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U.S. Heroin Trade Rooted in Mexico’s ‘Corridor of Death’
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U.S. Heroin Trade Rooted in Mexico’s ‘Corridor of Death’


Drug gangs and graft conspire to turn one Mexican state into a violent and dominant force in the drugs trade

A lethal combination of corruption and criminal gangs fighting for control of a booming heroin trade has turned one two-lane road in Mexico’s Guerrero state into what many call “the corridor of death.”

The road links Chilpancingo, the Pacific Coast state’s capital, to heroin-producing mountains nearby, where rival gangs are vying for a bigger share of the lucrative heroin market in the U.S. Nearly 1,200 people were killed in the state this year through June after 2,200 died last year. Officials say nearly all were linked to organized crime.

The bloodshed largely occurred in poor neighborhoods of the Acapulco and Ixtapa-Zihuatanejo beach resorts and in communities like Chilapa, a town along the deadly corridor where small-plot farmers have long cultivated marijuana and opium poppies for export, alongside traditional crops of corn, beans and squash.

“Chilapa is bathed in blood,” said José Díaz Navarro, a 54-year-old former local schoolteacher who now runs a civic group that tallies the area’s slaughter. “We don’t know who is involved with whom, but the criminals kill anyone for whatever reason.”

Guerrero’s illicit trade has soared over the past 15 years as Mexican drug traffickers have produced more and stronger heroin and marketed it aggressively. Some 90% of the U.S. heroin supply now comes from Mexico, according to U.S. Drug Enforcement Administration estimates. American users in recent years have been favoring heroin over more costly opiates like oxycontin.

The Mexican army has tried for decades to eradicate opium poppies—the raw material for heroin, morphine and other drugs—but struggles to keep up with new plantings. Mexico’s Defense Ministry says plantings have doubled over the past year, often tucked among the heavily wooded slopes and deep canyons of the mountains that run along the country’s Pacific coast, with Guerrero accounting for half the poppy acreage.

Both violence and the narcotics trade have a long history in Guerrero. The state played a key role in Mexico’s war of Independence from Spain two centuries ago, and was home to a number of armed uprisings in the 20th century.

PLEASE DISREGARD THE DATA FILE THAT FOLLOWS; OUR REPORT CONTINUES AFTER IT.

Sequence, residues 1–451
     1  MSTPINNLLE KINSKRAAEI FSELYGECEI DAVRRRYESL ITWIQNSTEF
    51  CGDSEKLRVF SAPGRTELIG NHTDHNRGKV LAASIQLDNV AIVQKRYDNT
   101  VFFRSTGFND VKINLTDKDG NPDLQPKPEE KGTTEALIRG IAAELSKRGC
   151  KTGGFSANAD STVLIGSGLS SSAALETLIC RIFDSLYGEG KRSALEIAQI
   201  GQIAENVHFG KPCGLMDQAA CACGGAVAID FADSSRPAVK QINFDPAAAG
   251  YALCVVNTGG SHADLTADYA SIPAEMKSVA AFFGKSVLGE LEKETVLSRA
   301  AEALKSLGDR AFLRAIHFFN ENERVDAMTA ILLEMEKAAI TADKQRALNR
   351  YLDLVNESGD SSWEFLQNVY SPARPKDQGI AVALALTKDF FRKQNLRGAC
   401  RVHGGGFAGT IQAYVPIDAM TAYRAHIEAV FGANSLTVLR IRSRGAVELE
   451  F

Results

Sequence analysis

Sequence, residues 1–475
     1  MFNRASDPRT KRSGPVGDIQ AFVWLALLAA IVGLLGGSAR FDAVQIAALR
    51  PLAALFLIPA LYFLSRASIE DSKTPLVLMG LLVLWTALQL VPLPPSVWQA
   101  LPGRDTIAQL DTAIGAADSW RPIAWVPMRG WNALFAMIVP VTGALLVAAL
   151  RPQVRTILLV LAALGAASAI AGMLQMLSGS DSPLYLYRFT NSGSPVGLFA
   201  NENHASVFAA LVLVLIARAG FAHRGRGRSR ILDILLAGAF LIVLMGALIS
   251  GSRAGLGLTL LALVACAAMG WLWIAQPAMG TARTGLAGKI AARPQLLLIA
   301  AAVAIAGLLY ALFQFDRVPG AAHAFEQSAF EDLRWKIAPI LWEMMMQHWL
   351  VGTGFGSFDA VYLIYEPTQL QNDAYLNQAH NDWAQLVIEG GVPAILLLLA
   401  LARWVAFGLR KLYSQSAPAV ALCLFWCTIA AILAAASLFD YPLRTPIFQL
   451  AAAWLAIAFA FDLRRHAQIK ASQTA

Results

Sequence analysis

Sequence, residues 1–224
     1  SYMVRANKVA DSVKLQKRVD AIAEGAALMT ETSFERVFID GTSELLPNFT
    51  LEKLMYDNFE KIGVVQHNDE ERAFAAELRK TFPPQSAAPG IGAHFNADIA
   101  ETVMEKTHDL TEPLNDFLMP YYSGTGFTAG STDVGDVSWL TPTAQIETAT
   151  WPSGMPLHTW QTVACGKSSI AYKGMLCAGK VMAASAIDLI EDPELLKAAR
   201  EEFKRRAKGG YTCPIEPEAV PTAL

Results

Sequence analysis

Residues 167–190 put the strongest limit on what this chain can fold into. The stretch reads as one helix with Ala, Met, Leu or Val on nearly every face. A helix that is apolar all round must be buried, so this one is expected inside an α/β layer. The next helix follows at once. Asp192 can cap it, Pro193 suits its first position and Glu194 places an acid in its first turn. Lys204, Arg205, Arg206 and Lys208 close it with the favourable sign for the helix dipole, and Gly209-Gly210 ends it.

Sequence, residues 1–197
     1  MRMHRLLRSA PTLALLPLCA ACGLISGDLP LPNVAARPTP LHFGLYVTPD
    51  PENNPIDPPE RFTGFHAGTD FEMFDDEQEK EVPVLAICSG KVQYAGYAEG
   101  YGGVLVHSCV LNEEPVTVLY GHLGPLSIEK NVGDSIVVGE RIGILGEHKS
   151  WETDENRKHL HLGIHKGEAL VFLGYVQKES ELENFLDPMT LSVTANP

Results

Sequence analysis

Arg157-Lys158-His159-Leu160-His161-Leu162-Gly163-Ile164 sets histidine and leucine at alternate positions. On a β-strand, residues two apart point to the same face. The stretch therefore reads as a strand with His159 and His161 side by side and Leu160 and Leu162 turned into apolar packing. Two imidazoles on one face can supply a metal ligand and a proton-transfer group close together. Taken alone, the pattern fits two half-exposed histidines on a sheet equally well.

Historians and political analysts have long dubbed the state “untamed Mexico” for its propensity for lawlessness. But now the fight to supply surging U.S. demand for heroin has poured jet fuel on long-smoldering political and social tensions. Complicit or cowed, local officials and police have proved unable to contain the violence and sometimes abet it, activists say.

Guerrero gained international notoriety three years ago with the disappearance of 43 teacher college freshmen, who officials say were detained by police in Iguala city and delivered to a drug gang. Federal officials arrested Iguala’s former mayor and other officials. These people have denied wrongdoing and haven’t yet been tried. The students were never found and are presumed dead.

The violence has gotten so out of hand that Guerrero Gov. Héctor Astudillo has called for the legalization of poppy production for medical use as a way of lessening the gangland rivalries. No action has yet been taken on his suggestion.

Chilapa has been especially hard hit, with about 150 residents killed there so far this year, activists say. In one particularly bloody week in March, police recovered the dismembered bodies of five people on a Chilapa street, and three days after that, three bodies were found stuffed into a car on the outskirts of town, said Mr. Diaz, the schoolteacher, citing police records and news reports.

Mr. Díaz became an activist in 2014 after two brothers, a cousin, and two friends of his were abducted and killed in Chilapa. His brothers’ dismembered bodies, minus their heads, were returned to his mother, who died of heartbreak soon afterward, he said. The crimes were never solved.

Few arrests have been made related to the Chilapa killings and still fewer convictions, as witnesses fear testifying for fear of retribution, activists say.

“In many places there are simply no police,” said Roberto Álvarez-Heredia, the public security spokesman for Guerrero state. “Well, the police exist, but they don’t act.”

Security officials and analysts largely blame the bloodshed of recent years in part to a breakdown in control of Guerrero’s underworld following the 2009 killing of reputed Sinaloa Cartel boss Arturo Beltrán Leyva by Mexican marines. They say the Beltrán Leyva organization had kept violence in check with a tight hold on the state’s narcotics markets. Former Beltrán Leyva lieutenants now lead many of the current gangs.

With local police largely untrustworthy, and state and federal security forces stretched thin, citizen militias armed with shotguns, pistols and assault rifles have sprung up to patrol rural roads and villages. Mr. Díaz and other critics say the many of the militias are themselves allied with criminal gangs.

“We’re here because the people demanded security,” said Nolberto González, a 40-year-old lawyer who commands one armed group in the village of Buenavista on a main highway leading to Acapulco.

What the militias don’t do is interfere with the local drug trade. “Almost everyone in the mountains is dedicated to growing poppies,” Mr. González said. “We don’t interfere. We think it’s a health problem that pertains to the federal government.”


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